A garden of inspiration

The trouble I find with spending a number of days visiting gardens is the sensory overload.  So many gardens, plants, owners, ideas and experiences and when you then start to try and think about how to distil your experience into a blog post; well sometimes it seems to be a challenge too far.

I have a habit of writing blog posts almost immediately I return from a garden visit but work demands have got in the way and I find myself a week after my return skimming through my photos, only a 1000 in my case, trying to decide what to blog about. What strikes me is the direct correlation between the gardens I enjoyed and the number of photos of them.  In each case these gardens are very much those of enthusiastic plants people.  They are full of texture and form often more from plants than structure and they offer me inspiration on so many levels.

I think Jenny and David Stocker’s garden was the real winner for me.  We visiting on a very wet day, although by the time of our visit the rain was light but poor Jenny had experienced a trying time during the gullywasher earlier in the day.  However, despite the overcast skies the garden sang to me.

Initially, it was the extremely skilled placement of pots and small vignettes that intrigued me.  I can learn so much from these.  My pots end up scattered around the garden, randomly placed, but as you can see from the above a small collection with a mix of leaf shapes, size of pots and a couple of small accessories takes on a whole identity of its own; a small work of art.

The cacti remind us that we are indeed in Texas, and I have included it to humour those of my friends who are convinced I spent the week looking at cacti and tumble weed.  However, as you can see from these photos the garden is far from a barren landscape.  David and Jenny built their home on the side of a hill and enclosed the garden with a wall creating a sense of enclosure and presumably creating a microclimate.  I think I am right in saying that the various spaces between the house and perimeter wall create six different garden spaces each with its own theme. 

I think this is what Jenny calls the English Garden. I loved the exuberance of the flowers in this space.  There is no formal rigid border, instead the plants spill out over the paving creating a very naturalistic space and a space I would love to waste a few hours in, listening to the bird and insects and watching the lizards run along the wall (which we were lucky to do a couple of evenings later).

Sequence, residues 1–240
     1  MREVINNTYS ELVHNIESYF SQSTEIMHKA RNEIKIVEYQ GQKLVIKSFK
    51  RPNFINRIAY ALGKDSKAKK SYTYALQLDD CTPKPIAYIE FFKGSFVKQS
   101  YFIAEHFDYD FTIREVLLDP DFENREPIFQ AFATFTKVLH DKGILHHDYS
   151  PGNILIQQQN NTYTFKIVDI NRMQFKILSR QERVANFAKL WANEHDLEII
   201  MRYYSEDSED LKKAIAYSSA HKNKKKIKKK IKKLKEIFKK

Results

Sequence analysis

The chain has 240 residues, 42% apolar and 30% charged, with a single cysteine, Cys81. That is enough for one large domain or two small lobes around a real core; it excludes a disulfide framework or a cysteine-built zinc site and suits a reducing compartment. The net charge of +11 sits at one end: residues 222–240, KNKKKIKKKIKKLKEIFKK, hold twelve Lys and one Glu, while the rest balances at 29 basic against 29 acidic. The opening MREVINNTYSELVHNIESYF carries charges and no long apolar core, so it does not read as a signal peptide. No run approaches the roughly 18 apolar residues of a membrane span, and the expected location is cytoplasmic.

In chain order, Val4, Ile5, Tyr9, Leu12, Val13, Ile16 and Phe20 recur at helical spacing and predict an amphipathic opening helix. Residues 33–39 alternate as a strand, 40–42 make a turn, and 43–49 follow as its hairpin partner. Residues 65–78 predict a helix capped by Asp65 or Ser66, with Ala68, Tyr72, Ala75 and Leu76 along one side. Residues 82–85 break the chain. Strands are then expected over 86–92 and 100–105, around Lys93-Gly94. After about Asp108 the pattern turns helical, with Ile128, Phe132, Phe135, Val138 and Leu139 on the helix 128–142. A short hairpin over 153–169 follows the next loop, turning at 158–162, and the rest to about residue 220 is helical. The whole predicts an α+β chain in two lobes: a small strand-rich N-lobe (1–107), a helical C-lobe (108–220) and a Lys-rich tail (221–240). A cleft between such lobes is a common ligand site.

The first and third photos are of the front planting area which as you can see is full of large succulents.  I am not informed enough to attempt to name any of them but I loved the juxtaposition of the spiky succulents with the surrounding trees which I think are oaks.  I developed a  love of the trees in Austin which seem to have quite broad and open canopies giving much needed shade but also with their small leaves bringing a lovely diffused light to the space beneath. I have been trying to think of a tree I could use to create a similar effect in England.

I think one of the reasons I love this garden is because of the polished combination of very English plants such as the Aquilegias, Geraniums and Poppies with succulents and cacti; I think this one is a Prickly Pear. So often you see plants corralled into a restricted planting scheme – succulents, hardy exotics, herbaceous border – and never the twain shall meet.  Jenny has shown that you can ignore these preconceptions and building on the plant’s cultivation needs and looking carefully at colour, form and texture you an create exciting and intriguing planting.

Although Jenny has been blogging for as long as me, if not longer, I hadn’t come across her blog until this trip but I am now following her assiduously and I feel that I have found a kindred spirit albeit on the other side of the pond.